Helping a Chinese in Shanghai

I’ve always been waiting for a chance to help a Chinese, just because so many Chinese had helped me here already with various matters, especially when it comes to reading and writing Chinese. But…I didn’t expect to get this chance in Shanghai and due to my English skills. Sitting outside at a Starbcks cafe, being approached by a Chinese usually means that they want to sell watches, handbags, or DVDs to you. So I am often very reserved talking to these guys.

Today a sturdy Chinese approached our table and asked me in broken, but well understandable English if I could help him. Reserved as usual I answered a bit bluntly “With what?” I am regretting that blunt tune now as the guy turned out to be very honest with a very simple request: He introduced himself as a sailor and asked me if I could copy some English text from a paper notebook into an official looking form within a ring binder. I had a few difficulties reading that handwriting in the notebook, but after deciphering it turned out to be a statement about that guy having finished some training items. And the form was part of a training log. I figured that he was unable to write roman letters, so I did as he asked (correcting the grammar a bit). Then he presented a second sheet of paper with 2 dates and place names and asked me to copy this into a passport-like document, which seems to have been a track-record of ship routes on which he had served. I have read somewhere that sailors have to keep such documents for official purposes. The line, into which I was ask to copy the dates and place names, was stamped already with a ship’s stamp and even signed. Just date and place was missing. Again, I did as he asked, now paying more attention to clean writing. The places I don’t know; and the country name I was ask to put in, “Arabian”, is also not exactly anything accurate. But I did not discuss this.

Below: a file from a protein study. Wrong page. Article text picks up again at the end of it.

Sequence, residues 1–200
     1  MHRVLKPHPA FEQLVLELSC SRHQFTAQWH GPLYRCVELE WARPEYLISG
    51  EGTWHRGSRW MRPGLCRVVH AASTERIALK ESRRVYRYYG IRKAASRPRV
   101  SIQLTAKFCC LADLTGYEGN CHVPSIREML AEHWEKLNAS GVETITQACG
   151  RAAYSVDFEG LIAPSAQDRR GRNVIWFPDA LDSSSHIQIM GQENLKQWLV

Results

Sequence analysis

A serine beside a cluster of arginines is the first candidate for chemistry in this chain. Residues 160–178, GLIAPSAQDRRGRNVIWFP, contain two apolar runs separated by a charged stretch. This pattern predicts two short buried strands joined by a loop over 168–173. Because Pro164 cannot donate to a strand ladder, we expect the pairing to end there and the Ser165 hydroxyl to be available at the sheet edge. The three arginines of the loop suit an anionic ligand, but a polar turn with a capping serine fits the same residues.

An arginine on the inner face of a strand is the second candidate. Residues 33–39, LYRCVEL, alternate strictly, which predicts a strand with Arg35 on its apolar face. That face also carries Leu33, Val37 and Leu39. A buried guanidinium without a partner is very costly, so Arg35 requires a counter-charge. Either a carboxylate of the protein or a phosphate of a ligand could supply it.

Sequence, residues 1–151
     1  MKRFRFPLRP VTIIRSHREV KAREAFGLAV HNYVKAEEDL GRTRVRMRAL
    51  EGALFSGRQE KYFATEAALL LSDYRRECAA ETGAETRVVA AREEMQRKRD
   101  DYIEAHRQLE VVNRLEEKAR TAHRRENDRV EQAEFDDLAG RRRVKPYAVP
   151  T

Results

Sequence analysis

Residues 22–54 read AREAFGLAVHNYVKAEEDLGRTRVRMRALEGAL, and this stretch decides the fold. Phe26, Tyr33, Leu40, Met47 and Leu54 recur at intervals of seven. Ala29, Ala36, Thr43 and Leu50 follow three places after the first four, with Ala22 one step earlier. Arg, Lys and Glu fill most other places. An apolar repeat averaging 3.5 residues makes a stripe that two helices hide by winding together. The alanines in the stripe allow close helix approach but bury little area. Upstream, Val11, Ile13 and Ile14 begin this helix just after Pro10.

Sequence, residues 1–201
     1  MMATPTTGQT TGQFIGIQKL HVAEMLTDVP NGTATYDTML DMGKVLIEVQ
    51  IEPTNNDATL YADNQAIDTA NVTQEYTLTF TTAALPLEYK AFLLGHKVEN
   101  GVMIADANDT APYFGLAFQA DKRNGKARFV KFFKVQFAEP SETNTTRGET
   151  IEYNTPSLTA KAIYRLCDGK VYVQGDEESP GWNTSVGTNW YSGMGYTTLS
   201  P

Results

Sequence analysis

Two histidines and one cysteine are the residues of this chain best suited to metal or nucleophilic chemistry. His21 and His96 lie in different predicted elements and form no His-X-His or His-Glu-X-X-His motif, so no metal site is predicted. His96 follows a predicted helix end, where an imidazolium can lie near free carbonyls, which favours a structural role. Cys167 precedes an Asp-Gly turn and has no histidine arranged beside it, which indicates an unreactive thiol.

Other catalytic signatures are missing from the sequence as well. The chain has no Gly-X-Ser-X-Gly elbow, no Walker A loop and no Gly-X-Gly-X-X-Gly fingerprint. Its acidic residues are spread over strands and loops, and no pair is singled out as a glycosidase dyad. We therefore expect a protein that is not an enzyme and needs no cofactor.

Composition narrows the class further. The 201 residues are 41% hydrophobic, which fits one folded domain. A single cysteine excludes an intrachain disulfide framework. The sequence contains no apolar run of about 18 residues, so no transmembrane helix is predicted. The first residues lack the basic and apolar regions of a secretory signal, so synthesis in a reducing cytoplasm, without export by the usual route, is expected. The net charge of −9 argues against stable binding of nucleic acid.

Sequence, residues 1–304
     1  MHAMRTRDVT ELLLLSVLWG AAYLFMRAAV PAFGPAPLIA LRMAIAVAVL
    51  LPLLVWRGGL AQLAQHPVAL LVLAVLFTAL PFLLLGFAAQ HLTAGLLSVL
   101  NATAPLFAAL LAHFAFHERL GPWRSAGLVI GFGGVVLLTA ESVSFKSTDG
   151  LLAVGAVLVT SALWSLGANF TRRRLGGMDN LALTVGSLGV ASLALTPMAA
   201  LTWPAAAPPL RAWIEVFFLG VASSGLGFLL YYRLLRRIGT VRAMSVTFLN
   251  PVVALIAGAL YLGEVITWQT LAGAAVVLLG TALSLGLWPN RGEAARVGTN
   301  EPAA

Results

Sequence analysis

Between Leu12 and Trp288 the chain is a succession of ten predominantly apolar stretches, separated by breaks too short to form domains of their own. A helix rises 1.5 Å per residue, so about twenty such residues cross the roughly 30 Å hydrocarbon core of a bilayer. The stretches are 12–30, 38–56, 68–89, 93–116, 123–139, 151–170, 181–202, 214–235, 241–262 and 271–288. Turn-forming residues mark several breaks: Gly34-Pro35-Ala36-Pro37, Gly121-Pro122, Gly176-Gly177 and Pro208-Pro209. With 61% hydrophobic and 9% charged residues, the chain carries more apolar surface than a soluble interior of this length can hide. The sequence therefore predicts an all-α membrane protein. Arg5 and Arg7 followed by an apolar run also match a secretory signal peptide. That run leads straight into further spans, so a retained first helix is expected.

After this done, we got into talks with him: He was working on a huge (>300m) oil tanker, shipping 2 million barrels crude oil from Iran via Taiwan to somewhere I forgot. He showed us small pictures on his mobile and talked about becoming a ship officer, for which he is doing his last trainings. We didn’t exactly figure out if the one just now was his last training trip or not. He was the only Chinese on this ship, which was owned by a Japanese, the captain was from Pakistan, and the rest of the crew Indian as the ship was Indian-operated. He complained humorously about the Indian food 😉 which did not serve him too well. He once cooked Chinese for the crew and claimed they liked it. But otherwise Indian food day after day for four months.

After some 10-15 minutes talk he thanked us heartily and left happily. I do hope that my little writing will really help him, though we couldn’t exactly figure out why nobody else could have done this writing: The text in the paper notebook was written neatly. Why did the person writing into the notebook not write into the official documents directly? Well…maybe the sailor did not have his training log book with him, fine. But what’s about this passport-like thing? That had the ship’s stamp and captain’s signature already… Well, I don’t know. I made him happy by writing a few English words. Though his English was broken it was understandable, and his vocabulary was not too bad, though certainly focusing on shipping terms. He obviously had have lots of chances of talking English as he was not afraid at all talking to us and even happily extended his story. I am really wondering how he learned English without being able to write roman letters…I’ll probably never figure out.

Categories: Shanghai

Originally Created: 05/16/2007 11:13:23 AM
Last Edited: 05/16/2007